Sunday, December 12, 2010


Down the hill, over pebbles and rocks,
we chase after him, he after the stream,
and rush into an old stone-slate hut.

Out comes the gush of his laughter.
We are panting a chorus now. Our hands
on our knees, and cheeks, city-red.

Now he, my father, is a little boy
flaunting his 'phoren' toy, while we, 
twenty-first-century camera kids,
witness the wooden chakra,
and the chant of the millstones. 

He unites with his fourteen-year-old
fatherless self, carrying a sack of wheat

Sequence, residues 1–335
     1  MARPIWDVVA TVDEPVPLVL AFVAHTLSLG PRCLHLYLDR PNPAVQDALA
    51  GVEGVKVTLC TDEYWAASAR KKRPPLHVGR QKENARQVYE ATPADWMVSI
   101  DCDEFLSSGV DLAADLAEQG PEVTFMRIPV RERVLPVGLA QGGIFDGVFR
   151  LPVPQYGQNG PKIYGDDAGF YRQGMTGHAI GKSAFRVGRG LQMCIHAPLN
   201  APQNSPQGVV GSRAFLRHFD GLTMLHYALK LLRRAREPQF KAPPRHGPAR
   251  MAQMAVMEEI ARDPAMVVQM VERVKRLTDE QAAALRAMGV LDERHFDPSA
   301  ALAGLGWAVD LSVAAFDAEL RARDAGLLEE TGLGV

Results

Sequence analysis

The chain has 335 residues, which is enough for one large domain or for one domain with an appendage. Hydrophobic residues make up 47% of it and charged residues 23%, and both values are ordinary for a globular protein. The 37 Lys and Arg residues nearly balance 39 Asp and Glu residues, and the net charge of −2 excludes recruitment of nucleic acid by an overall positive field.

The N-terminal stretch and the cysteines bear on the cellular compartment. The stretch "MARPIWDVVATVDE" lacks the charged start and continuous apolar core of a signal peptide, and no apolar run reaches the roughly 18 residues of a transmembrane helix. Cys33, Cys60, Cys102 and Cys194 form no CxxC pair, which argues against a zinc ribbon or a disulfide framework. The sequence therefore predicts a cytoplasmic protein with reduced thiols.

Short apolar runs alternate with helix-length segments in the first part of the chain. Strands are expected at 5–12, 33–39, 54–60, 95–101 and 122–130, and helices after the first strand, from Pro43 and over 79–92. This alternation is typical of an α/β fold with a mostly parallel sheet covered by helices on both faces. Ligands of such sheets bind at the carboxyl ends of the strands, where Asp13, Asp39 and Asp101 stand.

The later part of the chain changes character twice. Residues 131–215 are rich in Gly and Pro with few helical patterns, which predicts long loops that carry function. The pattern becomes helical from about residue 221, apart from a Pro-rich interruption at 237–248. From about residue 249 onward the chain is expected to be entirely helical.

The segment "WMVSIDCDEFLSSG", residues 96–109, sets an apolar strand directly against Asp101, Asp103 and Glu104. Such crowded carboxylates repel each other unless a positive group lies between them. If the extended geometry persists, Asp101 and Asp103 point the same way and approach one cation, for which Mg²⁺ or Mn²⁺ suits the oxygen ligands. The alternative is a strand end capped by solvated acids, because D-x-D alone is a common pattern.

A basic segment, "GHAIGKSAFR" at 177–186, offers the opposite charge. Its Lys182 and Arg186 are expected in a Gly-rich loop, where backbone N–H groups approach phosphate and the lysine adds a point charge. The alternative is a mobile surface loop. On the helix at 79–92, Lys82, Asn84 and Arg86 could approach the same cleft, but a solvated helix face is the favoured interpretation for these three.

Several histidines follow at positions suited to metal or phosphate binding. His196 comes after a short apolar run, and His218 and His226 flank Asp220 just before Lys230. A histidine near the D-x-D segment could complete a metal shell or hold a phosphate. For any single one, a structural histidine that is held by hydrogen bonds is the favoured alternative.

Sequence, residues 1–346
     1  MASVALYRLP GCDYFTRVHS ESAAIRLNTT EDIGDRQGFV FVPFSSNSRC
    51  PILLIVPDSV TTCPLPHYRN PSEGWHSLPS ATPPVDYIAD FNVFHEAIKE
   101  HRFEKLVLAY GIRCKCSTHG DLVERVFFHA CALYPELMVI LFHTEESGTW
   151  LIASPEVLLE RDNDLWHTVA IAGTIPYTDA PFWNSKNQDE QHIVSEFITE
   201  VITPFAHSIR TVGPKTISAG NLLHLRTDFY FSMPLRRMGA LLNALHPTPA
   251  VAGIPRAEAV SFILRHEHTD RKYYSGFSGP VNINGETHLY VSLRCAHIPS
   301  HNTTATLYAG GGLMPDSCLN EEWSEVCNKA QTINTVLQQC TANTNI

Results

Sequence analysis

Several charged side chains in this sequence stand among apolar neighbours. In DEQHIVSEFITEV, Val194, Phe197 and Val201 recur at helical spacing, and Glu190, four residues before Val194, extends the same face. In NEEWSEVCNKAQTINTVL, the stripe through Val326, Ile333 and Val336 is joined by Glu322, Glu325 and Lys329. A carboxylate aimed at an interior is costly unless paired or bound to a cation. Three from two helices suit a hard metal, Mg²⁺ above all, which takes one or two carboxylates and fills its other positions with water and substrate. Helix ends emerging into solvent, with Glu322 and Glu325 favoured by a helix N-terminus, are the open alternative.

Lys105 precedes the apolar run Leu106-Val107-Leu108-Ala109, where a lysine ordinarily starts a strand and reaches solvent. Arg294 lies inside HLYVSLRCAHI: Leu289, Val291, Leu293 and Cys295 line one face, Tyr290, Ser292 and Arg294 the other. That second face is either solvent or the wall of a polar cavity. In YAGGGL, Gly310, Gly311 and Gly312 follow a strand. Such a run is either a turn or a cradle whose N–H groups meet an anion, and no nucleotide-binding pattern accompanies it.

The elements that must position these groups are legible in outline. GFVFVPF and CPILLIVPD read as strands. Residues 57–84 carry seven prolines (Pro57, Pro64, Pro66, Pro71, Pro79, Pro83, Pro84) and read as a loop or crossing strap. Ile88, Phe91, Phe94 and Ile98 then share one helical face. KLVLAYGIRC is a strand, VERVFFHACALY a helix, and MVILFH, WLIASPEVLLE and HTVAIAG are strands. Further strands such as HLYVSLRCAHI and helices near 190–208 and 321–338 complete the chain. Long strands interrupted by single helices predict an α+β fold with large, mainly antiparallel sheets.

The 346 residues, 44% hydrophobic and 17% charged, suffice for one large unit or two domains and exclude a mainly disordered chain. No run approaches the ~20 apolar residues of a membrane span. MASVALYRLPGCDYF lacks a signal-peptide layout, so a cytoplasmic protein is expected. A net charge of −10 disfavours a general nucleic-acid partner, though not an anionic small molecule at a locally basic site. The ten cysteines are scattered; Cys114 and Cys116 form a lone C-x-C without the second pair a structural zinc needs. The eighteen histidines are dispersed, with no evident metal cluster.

or corn for three miles. His voice 
cues our lips into smiles, till
dew descends into my eyes
wishing to embrace 
his fifty-year-old feet.

He has shouldered three 
generations—his mother, 
siblings, our mama and us,
and he is still humming like the stream,
like the grindstone. 

                           He is the wheat,
the watermill, the roti in my mouth.

Previously published in The Cortland Review, with Audio

No comments: